I began to focus on the characters and story for the first time with a serious thought that I could publish and sell an actual comic book telling the story. Just before putting pen to paper, and after rejecting the idea of having my hero sell his soul to the devil to save the love of his life as being too cliché, I decided instead that he would sell his soul to save her father. I decided that the stuntman would be named Johnny Blaze and that he would be an orphan being raised by the father of the girl that he loved, who he would then save. I also decided that Blaze would be somehow following in the footsteps of his adoptive father as a stuntman, and would be physically fit, tall, blonde, wholesome, and attractive, and an antithesis to the supernatural hellish persona I decided would be called Ghost Rider.
With the look of my hero’s human and supernatural personas and the general framework of my story in place I sat down and formalized my characters and story in writing, at home, on my own time and at my own expense. I created the characters of Blaze’s deceased father (naming him Barton merely for the alliteration) and the separate father figure he would save to join [sic] (naming him “Crash” due to his stuntman career) and described them along with Johnny Blaze/Ghost Rider and Johnny’s love interest Roxanne, and fleshed out the story in a detailed written synopsis. When I completed it, the detailed written synopsis provided a full description of storyline, character names, description of the characters… as well as key action panels that would be in the comic book itself. The name of Johnny Blaze was inspired by his alter ego’s flaming skull and Roxanne was named after a lead guitarist in a band I had played in the 60’s.
After completing the synopsis, I approached Magazine Management [parent company of Marvel Comics] through Roy Thomas with a proposal that I write a comic book featuring by new hero and that MMC [i.e., Magazine Management Co.] publish it. I described my new hero, related characters and origin story, and presented Thomas with my written synopsis that described the developed characters and story as well. Thomas agreed that my new characters and origin story sounded like a viable storyline and characters but indicated a meeting with Stan Lee, who still headed up the Marvel division of MMC at the time, would be necessary if I wanted MMC to publish my book.
Thomas told me he was going to set up a meeting with Lee and give my written synopsis to him and I believe Lee received my written synopsis from Thomas prior to my meeting with Lee. Thomas set up the meeting between Lee and me. In the meeting I described my motorcycle riding Johnny Blaze/Ghost Rider human/supernatural character and the characters of Roxanne Simpson, Crash Simpson, and Barton Blaze and the origin story and plot, and my background on what the characters would look like, including Ghost Rider’s flaming skull and black leather suit. At the meeting, Lee listened to me and agreed that MMC would go forward with the project that I initiated, and agreed that MMC would publish the comic book that I would write…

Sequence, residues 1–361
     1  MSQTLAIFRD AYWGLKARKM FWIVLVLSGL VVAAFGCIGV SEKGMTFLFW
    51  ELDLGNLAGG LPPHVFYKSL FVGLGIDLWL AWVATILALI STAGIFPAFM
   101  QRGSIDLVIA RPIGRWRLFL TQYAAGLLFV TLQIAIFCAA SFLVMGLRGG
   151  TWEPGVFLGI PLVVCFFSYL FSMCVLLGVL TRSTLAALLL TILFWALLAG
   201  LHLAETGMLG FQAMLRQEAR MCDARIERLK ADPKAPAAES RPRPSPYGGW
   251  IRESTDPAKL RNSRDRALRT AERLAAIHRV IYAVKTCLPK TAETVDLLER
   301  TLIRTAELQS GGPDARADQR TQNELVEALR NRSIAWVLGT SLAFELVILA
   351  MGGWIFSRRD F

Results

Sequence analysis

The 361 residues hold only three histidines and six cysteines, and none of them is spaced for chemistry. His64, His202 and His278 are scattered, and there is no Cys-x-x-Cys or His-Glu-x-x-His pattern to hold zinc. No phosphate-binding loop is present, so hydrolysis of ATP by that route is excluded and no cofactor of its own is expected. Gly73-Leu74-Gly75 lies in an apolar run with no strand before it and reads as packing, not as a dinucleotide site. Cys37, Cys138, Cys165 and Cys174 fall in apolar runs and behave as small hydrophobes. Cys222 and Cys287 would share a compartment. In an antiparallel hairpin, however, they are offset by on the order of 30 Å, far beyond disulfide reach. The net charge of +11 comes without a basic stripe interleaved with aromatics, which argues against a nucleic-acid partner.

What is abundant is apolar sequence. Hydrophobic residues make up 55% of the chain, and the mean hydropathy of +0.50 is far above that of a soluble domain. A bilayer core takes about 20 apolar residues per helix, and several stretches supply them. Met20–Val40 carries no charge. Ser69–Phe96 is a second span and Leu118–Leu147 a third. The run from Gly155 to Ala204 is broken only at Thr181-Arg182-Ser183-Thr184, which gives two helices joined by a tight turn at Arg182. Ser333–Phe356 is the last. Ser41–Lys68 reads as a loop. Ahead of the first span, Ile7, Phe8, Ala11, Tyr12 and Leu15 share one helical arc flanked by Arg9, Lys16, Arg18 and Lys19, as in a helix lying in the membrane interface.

Thomas suggested to me in that meeting that Mike Ploog be brought in to illustrate the comic book, and I agreed… Following the meeting, I met with Ploog and ensured that he received my previously prepared written synopsis detailing the story, the look of the characters and the key panels that would need to be drawn. I also spoke with Ploog and gave him additional instructions, and he was instructed what the characters were to look like in specific detail, how they are to drawn and what should be drawn in the key panels…
I’ve quoted from Gary Friedrich’s statement at considerable length, largely because I suspect that very few people not directly involved in the court case have actually read it; and as Friedrich seems to have give very few interviews over the course of his life — sadly, he died of complications from Parkinson’s disease in August, 2018, at the age of 75 — it may well be the only detailed account of his version of Ghost Rider’s beginnings that we’ll ever have. Roy Thomas and Mike Ploog, on the other hand, have both given their respective versions in multiple interviews and in other articles over the years (see “For further reading“, below), as well as in sworn depositions for the court case, given in 2011.
In general, Thomas’ various accounts have lined up closely with his recollections from the 2001 Comic Book Artist interview quoted earlier, although some new details have been added here and there. Perhaps most significantly, Thomas has said that the name Johnny Blaze was conceived not by Gary Friedrich, but by Stan Lee… who may or may not have made other contributions to the character’s origin, as well: